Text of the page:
Or my camera, at least, which is next to the same thing. In a bathroom stall, of course. Bad bathroom karma. But I was in that stall feeling completely nauseous, and such feelings do distract you. I discovered the camera was missing on the bus ride down the mountain from the site, and Deborah and I paid bus fare back up to go look for it, but it was gone. Machu Picchu was stunning, and there will be photos, but all the photos of the trip will be Deborah’s now. Luckily, we often took the exact same shot. These written memories will be all mine.
Our day started at 3:40 AM with a wake-up call from the hotel. We scarfed down breakfast in ten minutes flat and caught the van that would take us to the “Vistadome train.” The hour and a half van ride from Cusco to the village of Ollyantantambo started out in the dark. Then, slowly, the gorgeous valley of farm land, sleepy villages, and nearby mountain peaks was revealed as dawn rose. The train ride was also an hour and a half. You pass through a narrow canyon past peaceful agricultural land that slowly transforms into a jungle following the rushing Urubamba River. All around you, the mountains soar sharply, lush with green and pitted occasionally with jagged stone. You can see all this out the side window of the train, and out of the windows that curve up from the train walls partly over the roof.
The train ride ends at the town of Aguas Calientes. There, you catch a bus for a twenty-five minute ride up a curving mountain pass. It’s a narrow dirt road where you can encounter another bus or a work truck coming down the hill. And then the negotiations begin. We had a guide who met us at the train station in Aguas Calientes and gave us a personal tour of the site. His knowledge was impressive, and he hiked us across stepped terraces, up stone staircases, and through narrow passages. The weather was gorgeous. I have to say it’s been lovely during our entire trip. Hot in the afternoon whether you are in summery Mexico or wintery Peru, but we never saw rain (yet, anyway). Somewhere near the close of our tour of Machu Picchu, I became slightly nauseous, and then the “slightly” gradually became downright blech. I assured the guide that all I needed was a nice sit on the pot for a while, and since our tour was almost over, he obliged me. And well, you know how that “came out.” After we had no luck finding the camera, Deborah and I opted to take the lunch that came with the tour down in Aguas Calientes, which was a delicious Peruvian buffet. I had tenderloin stew with some kind of wonderful sauce, and two helpings of the chocolate pie to drown my sorrows.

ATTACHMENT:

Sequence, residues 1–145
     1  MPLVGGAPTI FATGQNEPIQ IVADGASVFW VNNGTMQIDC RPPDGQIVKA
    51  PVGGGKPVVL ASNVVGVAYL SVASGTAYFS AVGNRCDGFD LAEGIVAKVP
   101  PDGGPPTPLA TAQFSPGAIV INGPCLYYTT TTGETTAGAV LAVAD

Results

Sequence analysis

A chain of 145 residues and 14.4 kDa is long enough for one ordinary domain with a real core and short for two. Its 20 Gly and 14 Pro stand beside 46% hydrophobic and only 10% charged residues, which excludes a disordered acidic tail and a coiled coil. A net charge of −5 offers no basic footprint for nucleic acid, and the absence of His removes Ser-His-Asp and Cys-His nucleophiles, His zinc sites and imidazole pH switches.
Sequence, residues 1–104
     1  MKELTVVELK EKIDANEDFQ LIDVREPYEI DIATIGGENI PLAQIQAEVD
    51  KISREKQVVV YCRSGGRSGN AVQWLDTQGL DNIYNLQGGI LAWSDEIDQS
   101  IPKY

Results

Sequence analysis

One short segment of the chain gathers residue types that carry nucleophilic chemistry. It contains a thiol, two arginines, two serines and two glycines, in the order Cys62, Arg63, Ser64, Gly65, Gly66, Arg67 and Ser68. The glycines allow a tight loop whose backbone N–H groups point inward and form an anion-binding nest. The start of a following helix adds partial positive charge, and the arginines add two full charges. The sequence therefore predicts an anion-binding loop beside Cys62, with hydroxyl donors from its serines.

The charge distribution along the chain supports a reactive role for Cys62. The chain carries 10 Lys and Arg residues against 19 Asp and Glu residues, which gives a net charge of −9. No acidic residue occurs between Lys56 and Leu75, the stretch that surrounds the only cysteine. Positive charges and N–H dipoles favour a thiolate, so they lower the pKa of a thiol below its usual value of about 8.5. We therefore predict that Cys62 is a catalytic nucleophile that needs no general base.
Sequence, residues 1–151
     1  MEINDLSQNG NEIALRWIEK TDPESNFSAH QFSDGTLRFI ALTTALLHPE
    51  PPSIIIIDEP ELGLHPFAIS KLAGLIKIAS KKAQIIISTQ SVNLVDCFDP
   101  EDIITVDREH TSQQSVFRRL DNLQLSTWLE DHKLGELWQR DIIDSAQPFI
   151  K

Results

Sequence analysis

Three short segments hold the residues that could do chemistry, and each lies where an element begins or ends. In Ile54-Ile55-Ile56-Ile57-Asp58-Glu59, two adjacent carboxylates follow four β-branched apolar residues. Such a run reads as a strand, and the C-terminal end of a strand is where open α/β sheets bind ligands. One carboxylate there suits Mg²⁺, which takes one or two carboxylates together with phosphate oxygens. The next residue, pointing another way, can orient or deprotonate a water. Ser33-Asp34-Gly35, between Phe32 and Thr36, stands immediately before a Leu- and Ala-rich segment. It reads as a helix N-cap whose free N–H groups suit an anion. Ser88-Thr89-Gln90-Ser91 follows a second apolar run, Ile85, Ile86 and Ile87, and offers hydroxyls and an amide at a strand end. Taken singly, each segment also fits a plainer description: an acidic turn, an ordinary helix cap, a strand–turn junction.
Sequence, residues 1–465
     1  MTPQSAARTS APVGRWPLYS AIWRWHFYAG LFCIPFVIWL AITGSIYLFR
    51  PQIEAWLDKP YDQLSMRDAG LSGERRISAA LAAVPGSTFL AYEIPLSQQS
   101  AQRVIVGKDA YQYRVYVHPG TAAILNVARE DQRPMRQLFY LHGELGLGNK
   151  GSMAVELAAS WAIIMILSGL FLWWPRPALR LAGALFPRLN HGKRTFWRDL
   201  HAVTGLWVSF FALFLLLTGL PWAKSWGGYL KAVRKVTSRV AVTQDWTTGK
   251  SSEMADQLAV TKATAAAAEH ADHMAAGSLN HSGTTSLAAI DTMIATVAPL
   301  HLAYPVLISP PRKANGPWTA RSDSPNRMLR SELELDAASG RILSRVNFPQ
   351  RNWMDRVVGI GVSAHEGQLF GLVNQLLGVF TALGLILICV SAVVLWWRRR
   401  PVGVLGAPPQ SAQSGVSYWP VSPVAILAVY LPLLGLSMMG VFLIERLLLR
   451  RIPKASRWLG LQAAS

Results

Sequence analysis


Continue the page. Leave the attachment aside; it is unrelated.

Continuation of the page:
Then we followed that age-old sage philosophy: when the going gets tough, the tough go shopping, and spent the rest of the afternoon wandering through the vast open-air market. Other archeological sites we have visited on this trip have vendors roaming the site trying to sell you trinkets while you are taking in their ancestors’ glories. Not Machu Picchu. They are all camped at the bottom the hill away from the site. But they are equally persistent.
Finally, we found a seat in the train station and collapsed. I wrote this blurb on an envelope on the train ride back. While I was writing, a dancer in local festive costume clowned his way up and down the aisle and took all the willing ladies for a spin. This was followed by a fashion show by the staff of Yet More Things to Spend Money On to the accompaniment of loud Peruvian-inspired Latin disco. Fortunately, all that lovely wool is wasted in Phoenix, so we weren’t tempted to do anymore parting with our solés. We got back late between the train ride and the van into town, so there was no time to do as we had done Thursday night, wandering the narrow cobblestone streets of Cusco and sampling a bit of the local cuisine. We opted for a glass of wine in the lively lobby of our hotel instead.
Today we go back to see the Sacred Valley in more detail. And hopefully, there will be time in the evening to wander the streets of Cusco once more.
7 thoughts on “I left my heart at Machu Picchu”
sorry to hear about the camera. that sucks
it sounded really great except for the nausea (a reaction to thin atmosphere?)
Not sure what was going on with the nausea. It´s been a regular visitor here in Peru. Must be something I´m eating or drinking.
wow that sucks
It can be an effect of the high altitude & the low oxygen; there are others. When I was in Bolivia in 1994 to see a total eclipse from way up on the altiplano, I got severe headaches & my tentmate got nausea. There were times I needed to just sit & do nothing. but. breathe.
Sounds like you’re having a good time apart from the nausea–& losing your camera. Not sure which is insult & which is injury there. I remember in Bolivia being amazed at how steep a slope could still have crops grown on it! Some of the other people on the tour went on to Machu Picchu the 2nd week, but I couldn’t spare the time or the money (having just gotten started freelancing). I’m glad you’re enjoying your trip & look forward to seeing Deborah’s photos!
It was never *bad* bad, as in debilitating. I swigged my pepto and did my bathroom business and got on with the tours and the eating. But it was annoying at times.
It was a pretty amazing trip all around. We went for the archeology and ended up enjoying the contemporary cultural samplings just as well. Exhausting and fast, but wonderful.